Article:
Staunton, December 5 – The use of guns to commit crimes, attack others or to defend what those who own them believe are their rights and property is an all too frequent feature of life in the United States where the right to bear arms is Constitutionally mandated, often culturally supported, and not subject to serious limitations in most cases.
But it may come as a surprise to many that in Russia where private gun ownership is far more limited and far more controlled, an increasing number of people are using guns in the same way as their American counterparts, albeit to this point still in far fewer numbers and with much less resonance in the media.
Three reports in the last few weeks highlight this new reality: First, Russian officials acknowledged that Russians used lethal weapons in the commission of 6,000 crimes over the last year. In 1,000 of these cases, those committing the crimes had registered their guns with the authorities (mbk-news.appspot.com/suzhet/redko-no-metko-kakie/).
Second, there have been two cases in which men opened fire in acts of random violence, including one in Perm which claimed the life of a passerby (znak.com/2019-12-04/v_permi_muzhchina_otkryl_besporyadochnyy_ogon_po_lyudyam_pogibla_zhenchina), and a second in occupied Crimea where a student shot and killed 19 with a registered weapon (rbc.ru/society/17/10/2018/5bc735ff9a79474fb52b0ddc).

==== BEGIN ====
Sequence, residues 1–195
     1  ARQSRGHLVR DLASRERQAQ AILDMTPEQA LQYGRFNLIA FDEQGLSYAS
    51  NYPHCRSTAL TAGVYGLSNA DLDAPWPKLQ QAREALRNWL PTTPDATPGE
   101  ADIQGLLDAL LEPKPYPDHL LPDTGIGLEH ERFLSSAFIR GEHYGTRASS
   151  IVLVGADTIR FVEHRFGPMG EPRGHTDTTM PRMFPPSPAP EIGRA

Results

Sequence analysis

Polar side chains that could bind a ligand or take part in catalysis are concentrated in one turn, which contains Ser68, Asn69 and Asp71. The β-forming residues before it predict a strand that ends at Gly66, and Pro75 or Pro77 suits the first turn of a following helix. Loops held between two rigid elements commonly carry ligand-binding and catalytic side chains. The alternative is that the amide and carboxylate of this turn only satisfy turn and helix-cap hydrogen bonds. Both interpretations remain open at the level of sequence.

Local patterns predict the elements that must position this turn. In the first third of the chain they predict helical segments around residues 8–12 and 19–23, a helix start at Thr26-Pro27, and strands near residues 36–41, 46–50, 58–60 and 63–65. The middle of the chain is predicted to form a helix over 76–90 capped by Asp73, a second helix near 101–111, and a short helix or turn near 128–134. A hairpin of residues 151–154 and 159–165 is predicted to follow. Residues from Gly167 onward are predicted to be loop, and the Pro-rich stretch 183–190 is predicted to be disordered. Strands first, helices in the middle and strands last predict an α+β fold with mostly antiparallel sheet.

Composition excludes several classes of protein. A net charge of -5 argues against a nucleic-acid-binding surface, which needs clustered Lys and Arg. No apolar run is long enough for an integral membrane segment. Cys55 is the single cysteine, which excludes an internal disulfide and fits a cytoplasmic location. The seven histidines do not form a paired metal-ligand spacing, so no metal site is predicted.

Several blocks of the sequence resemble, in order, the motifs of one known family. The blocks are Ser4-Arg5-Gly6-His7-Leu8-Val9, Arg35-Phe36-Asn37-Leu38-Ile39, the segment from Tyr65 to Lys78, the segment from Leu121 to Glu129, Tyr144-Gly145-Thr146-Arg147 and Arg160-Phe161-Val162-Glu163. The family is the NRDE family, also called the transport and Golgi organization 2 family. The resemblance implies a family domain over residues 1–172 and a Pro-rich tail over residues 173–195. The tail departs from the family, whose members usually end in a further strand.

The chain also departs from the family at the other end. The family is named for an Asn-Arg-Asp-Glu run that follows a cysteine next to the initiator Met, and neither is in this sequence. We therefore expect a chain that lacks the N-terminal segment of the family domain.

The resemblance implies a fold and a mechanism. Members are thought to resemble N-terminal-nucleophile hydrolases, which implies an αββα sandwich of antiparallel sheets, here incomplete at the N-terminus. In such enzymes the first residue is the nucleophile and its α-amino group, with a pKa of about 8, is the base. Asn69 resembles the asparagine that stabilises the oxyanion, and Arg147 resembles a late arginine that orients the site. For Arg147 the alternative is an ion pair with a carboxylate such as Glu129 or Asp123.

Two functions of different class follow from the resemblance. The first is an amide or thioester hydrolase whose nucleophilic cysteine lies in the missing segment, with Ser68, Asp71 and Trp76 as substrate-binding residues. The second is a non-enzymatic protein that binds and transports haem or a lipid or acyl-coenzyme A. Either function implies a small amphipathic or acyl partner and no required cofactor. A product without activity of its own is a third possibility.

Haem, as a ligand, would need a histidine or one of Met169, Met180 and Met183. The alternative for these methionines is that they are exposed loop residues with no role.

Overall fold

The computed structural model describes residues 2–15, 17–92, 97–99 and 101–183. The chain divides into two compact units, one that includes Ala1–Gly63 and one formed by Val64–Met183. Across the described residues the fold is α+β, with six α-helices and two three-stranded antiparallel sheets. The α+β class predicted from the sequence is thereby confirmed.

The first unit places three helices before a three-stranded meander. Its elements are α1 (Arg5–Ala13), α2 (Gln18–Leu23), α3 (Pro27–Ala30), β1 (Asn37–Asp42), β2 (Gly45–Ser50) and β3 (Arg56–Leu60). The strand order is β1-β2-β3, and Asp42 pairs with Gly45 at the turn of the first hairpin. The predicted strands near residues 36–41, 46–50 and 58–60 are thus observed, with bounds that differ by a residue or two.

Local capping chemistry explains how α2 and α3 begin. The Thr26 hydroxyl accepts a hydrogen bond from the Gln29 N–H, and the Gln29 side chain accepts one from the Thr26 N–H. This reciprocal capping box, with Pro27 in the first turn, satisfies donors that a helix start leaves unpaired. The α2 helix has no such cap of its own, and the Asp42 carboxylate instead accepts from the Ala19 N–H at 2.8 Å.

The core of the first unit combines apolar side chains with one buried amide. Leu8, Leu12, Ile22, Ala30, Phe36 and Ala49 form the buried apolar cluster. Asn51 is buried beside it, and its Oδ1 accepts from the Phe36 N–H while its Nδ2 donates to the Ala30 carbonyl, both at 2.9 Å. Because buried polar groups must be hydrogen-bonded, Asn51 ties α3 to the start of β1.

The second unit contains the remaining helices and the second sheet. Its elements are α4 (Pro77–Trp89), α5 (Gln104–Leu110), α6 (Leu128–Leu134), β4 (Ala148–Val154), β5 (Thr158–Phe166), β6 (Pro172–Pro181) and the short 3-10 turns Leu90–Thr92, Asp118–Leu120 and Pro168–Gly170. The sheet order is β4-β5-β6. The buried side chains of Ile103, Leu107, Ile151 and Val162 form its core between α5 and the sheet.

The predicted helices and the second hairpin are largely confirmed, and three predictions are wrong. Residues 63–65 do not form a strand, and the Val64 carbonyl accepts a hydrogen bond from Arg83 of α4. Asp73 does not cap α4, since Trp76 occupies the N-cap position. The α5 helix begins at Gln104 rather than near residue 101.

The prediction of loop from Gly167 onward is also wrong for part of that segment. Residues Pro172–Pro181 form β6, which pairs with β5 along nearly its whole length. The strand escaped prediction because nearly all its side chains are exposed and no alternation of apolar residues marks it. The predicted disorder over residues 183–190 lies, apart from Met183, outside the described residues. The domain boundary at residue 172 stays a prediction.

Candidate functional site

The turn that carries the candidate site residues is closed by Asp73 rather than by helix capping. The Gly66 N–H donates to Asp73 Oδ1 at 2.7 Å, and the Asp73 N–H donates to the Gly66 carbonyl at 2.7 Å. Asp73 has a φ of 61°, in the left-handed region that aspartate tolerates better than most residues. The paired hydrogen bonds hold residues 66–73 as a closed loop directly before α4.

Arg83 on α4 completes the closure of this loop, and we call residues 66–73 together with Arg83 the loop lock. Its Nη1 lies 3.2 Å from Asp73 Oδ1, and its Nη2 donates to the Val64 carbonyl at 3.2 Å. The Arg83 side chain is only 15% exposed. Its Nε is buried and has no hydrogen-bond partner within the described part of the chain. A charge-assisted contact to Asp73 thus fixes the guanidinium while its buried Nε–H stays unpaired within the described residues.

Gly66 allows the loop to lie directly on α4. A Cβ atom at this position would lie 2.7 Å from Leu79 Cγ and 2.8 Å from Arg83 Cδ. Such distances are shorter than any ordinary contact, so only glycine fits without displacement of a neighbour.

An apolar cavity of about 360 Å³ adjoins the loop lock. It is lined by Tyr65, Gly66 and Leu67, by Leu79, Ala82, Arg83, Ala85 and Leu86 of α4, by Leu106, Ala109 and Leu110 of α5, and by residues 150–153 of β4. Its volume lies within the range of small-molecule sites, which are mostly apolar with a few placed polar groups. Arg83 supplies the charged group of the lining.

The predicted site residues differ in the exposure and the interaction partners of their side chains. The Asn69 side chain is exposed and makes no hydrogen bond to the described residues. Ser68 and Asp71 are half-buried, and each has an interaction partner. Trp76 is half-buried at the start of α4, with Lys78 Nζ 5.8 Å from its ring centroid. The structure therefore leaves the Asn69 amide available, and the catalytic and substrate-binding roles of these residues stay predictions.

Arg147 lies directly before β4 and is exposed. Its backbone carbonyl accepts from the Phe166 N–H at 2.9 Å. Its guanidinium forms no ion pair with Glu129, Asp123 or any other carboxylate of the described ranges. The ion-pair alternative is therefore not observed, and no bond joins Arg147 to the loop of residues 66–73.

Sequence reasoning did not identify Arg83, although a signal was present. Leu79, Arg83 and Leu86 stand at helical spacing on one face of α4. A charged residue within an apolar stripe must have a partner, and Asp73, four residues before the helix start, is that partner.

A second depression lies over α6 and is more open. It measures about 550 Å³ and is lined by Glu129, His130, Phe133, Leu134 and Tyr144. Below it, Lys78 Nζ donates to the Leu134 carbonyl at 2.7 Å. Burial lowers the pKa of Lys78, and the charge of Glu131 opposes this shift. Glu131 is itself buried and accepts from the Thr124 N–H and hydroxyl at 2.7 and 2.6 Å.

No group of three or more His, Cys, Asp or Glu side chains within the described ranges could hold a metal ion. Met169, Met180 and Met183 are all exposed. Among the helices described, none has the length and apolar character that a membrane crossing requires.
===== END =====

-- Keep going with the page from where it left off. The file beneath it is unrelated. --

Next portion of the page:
And third, in St. Petersburg, a group of garage owners three days ago signaled their determination not to allow the authorities to tear these facilities down by appearing “with guns in their hands.” That has not yet led to violence but represents in itself a new form of escalation of protest (severreal.org/a/30307970.html).
How many guns are in private hands in Russia is a matter of dispute. Russian officials cite the figure of 7.3 million but most Russian experts on the question suggest that the number may be as high as 25 million with guns flowing in from the Donbass fighting a major new source (windowoneurasia2.blogspot.com/2016/08/weapons-from-donbass-flooding-back-into.html).
This has sparked a debate about gun control, with the authorities seeking tighter control and gun manufacturers and sports groups calling for looser control and expanded ownership (windowoneurasia2.blogspot.com/2017/10/russians-now-fighting-over-gun-control.html, windowoneurasia2.blogspot.com/2018/07/gun-manufacturer-wants-russians-to-be.html and
Russian psychiatrists say that gun violence is becoming ever more widespread, especially among young people. There was similar youth aggression in the past, they say; but because few had guns, it seldom resulted in the kind of injuries and even deaths that it does now (rbc.ru/society/17/10/2018/5bc735ff9a79474fb52b0ddc).
Writing in Nezavisimaya gazeta three weeks ago, economics reporter Mikhail Sergeyev laments that “youth shootings have become the norm in present-day Russia” and that the state has shown itself incapable of doing anything to prevent that from becoming even more widespread (ng.ru/kartblansh/2019-11-14/3_7727_kart.html).
If that is the case, gun violence appears likely to become an ever more frequent feature of Russian life, although how much of it will be reported by government media very much remains to be seen.